In Pruning the Bodhi Tree (1997), Paul Swanson explains Hakamaya Noriaki’s essay Critical Buddhism (1990) thus:
Hakamaya’s next collection opens with “Introduction to Critical Buddhism: ‘Critical Philosophy’ versus ‘Topical Philosophy’. It’s point, in a word, is that to be a Buddhist is to be critical, that is, to be able to make distinctions; that the only truly Buddhist stand is to be critical; that Buddhism must be a critical philosophy able to make distinctions, not an experiential “topical philosophy” (such as hongaku shisoI) that is all-inclusive and uncritically tolerant.” (Swanson, 1997, p. 16)
This resonates with me as one who is concerned with Buddhist ethics, because in ethics, one must make choices, distinctions between actions that are harmful or beneficial. Hakamaya’s article critiques the doctrine of “buddhanature” (hongaku shiso), but I interpret this to mean a critique of “non-dualism”, such as tao or advaita vedanta. In non-dualist philosophies, both Buddhist and Vedic, one is supposed to perceive phenomena as all of a unity, as a oneness. One is not supposed to make distinctions between things because, in the “ultimate reality” there is nothing to distinguish. But to make an ethical choice, one must make distinctions between what is harmful and what is beneficial. Moreover, one must be critical of the situation, critiquing what is harmful, distinguishing what is ethical from what is unethical. To that end, I propose a Buddhist social theory that is a critical buddhism.
The following are broad areas of theoretical interest that I would like to apply to Buddhism, as a critique of its institutions, and WITH Buddhism, as a critique of contemporary society. I will continue to add to the list as I think of more theoretical positions. It’s the never-ending project, the project of constructing Buddhist social theory, or what I call [small b] meta-buddhist inquiry.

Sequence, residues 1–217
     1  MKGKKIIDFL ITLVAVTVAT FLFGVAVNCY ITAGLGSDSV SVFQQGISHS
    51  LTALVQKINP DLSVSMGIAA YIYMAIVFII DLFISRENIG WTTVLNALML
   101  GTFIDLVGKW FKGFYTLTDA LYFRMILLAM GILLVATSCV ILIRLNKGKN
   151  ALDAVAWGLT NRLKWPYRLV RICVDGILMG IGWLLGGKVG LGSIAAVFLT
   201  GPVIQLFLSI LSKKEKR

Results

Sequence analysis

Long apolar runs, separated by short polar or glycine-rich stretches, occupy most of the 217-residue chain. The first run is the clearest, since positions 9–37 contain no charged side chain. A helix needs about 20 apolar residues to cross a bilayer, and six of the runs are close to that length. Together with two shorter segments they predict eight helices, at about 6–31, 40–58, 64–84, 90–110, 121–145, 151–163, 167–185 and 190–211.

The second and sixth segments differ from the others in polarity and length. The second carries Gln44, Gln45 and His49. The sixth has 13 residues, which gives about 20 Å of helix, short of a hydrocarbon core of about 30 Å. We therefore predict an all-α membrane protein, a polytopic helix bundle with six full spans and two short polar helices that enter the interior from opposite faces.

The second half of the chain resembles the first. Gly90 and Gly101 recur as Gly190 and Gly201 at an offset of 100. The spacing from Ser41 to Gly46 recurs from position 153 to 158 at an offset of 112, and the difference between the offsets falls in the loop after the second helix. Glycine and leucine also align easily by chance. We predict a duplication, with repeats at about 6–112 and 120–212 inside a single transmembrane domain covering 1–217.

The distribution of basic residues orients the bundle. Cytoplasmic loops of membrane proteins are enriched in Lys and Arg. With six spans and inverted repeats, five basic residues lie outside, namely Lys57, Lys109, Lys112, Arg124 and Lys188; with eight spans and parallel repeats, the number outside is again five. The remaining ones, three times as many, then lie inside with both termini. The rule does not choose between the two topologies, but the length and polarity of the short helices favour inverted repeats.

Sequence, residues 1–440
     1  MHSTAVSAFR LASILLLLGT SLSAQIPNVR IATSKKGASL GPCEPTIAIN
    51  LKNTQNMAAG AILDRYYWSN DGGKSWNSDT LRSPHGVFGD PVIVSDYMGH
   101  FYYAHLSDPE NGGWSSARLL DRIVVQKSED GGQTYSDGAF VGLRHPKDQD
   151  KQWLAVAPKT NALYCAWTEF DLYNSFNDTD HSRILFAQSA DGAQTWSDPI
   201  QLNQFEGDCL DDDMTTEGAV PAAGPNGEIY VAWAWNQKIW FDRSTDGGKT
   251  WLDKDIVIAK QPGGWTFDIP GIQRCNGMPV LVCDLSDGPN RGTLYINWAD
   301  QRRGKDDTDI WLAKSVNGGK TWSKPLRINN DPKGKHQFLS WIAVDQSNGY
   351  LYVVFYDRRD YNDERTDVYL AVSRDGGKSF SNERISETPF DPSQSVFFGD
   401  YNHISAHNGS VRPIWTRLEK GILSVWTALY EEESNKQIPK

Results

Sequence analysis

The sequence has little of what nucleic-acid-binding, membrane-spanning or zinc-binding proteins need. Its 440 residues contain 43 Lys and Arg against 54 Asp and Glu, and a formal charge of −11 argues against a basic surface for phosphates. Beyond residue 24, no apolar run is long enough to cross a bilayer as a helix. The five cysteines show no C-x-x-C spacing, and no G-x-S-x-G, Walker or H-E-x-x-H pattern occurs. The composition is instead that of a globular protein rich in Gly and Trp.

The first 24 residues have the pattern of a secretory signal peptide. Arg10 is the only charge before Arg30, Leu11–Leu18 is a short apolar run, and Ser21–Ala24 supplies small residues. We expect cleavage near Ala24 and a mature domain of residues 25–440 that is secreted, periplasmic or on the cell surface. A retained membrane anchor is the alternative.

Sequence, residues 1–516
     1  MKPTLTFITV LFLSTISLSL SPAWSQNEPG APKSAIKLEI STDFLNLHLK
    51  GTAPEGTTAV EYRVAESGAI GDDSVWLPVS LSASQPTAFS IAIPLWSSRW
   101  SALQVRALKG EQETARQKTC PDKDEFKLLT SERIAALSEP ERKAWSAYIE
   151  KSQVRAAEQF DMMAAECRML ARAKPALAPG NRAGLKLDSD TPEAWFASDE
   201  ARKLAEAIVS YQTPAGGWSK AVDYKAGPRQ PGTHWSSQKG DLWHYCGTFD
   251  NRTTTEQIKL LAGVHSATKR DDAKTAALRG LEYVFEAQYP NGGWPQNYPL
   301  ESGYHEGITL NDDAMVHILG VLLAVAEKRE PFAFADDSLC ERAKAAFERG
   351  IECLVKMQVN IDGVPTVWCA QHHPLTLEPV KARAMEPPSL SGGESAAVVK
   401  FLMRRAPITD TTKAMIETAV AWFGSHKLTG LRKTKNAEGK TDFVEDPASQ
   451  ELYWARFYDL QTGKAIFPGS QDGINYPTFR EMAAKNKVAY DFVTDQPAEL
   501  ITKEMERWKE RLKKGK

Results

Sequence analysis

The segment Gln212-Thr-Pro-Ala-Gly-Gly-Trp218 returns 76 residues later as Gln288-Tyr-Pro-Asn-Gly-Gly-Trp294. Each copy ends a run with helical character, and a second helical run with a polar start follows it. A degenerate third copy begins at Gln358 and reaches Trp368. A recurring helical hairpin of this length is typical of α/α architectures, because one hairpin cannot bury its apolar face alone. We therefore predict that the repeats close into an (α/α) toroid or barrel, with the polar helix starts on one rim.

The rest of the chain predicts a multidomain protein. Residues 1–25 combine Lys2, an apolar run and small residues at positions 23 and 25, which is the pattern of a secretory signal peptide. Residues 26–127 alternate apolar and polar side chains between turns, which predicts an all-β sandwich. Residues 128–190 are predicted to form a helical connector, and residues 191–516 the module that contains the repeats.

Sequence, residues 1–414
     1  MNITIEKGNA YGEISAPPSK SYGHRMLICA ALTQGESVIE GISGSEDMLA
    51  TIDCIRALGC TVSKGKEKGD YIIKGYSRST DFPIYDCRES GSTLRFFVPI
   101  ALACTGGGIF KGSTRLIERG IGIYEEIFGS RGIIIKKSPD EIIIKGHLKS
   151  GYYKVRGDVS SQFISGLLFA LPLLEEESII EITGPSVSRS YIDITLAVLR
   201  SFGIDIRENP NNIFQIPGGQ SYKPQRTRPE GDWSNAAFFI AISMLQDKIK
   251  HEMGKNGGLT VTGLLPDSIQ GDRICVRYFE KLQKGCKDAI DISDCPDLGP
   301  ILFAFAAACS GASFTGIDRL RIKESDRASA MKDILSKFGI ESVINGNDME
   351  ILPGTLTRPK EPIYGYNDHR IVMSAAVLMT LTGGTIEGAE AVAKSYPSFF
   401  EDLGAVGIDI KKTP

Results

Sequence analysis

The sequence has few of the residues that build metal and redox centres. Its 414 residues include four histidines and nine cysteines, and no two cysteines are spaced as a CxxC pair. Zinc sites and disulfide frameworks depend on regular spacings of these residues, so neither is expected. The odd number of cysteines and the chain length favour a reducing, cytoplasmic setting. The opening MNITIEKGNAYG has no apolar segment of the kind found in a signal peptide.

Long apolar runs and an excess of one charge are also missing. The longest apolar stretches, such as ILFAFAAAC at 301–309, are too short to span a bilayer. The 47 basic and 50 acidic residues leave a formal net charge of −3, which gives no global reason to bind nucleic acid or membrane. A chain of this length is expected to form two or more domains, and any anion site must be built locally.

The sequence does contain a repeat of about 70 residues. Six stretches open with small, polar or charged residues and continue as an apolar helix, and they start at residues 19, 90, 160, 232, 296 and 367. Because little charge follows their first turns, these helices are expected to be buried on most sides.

I propose at the outset that engaging in these forms of critical analysis (whether critical, constructionist or deconstructionist) are themselves forms of buddhist inquiry, or at least akin to buddhist inquiry. Buddhist inquiry is critical but compassionate; critical but working towards the peaceful resolution of conflict; critical but kind to self and others; critical but working towards the well-being of all; critical but also patient, seeing the whole picture, seeing both the short cycles of deconstruction and change, and the long cycles of re-integration.
In other words, one can simply engage in, for example, post-modern deconstruction on any topic, and [arguably] be engaged in buddhist inquiry, even though the religion or philosophy of Buddhism is never invoked. This must be carefully distinguished from saying that buddhist inquiry represents Buddhism as a religion; meta-buddhist inquiry in no way speaks for the religion of Buddhism, except when it does so explicitly as a critique of the religion. As time goes on, I hope that this blog, Engage!, actually has less and less to say about the religion of Buddhism, and engages in ever more meta-buddhist inquiry about the world.
critical buddhism (Japanese school)
discourse analysis (critical)
systems theory (constructionist)
network theory (constructionist)
actor network theory (critical)
global systems theory (centre-periphery) (critical)
Frankfurt school neo-marxist (critical)
cultural theory (critical)
identity (existence) as process, communication, change, evolution (critical-constructionist)
dynamic equilibrium (process, mutual causality, change, evolution) (critical-constructionist)
paradox without resolution (critical)
questions without answers (critical)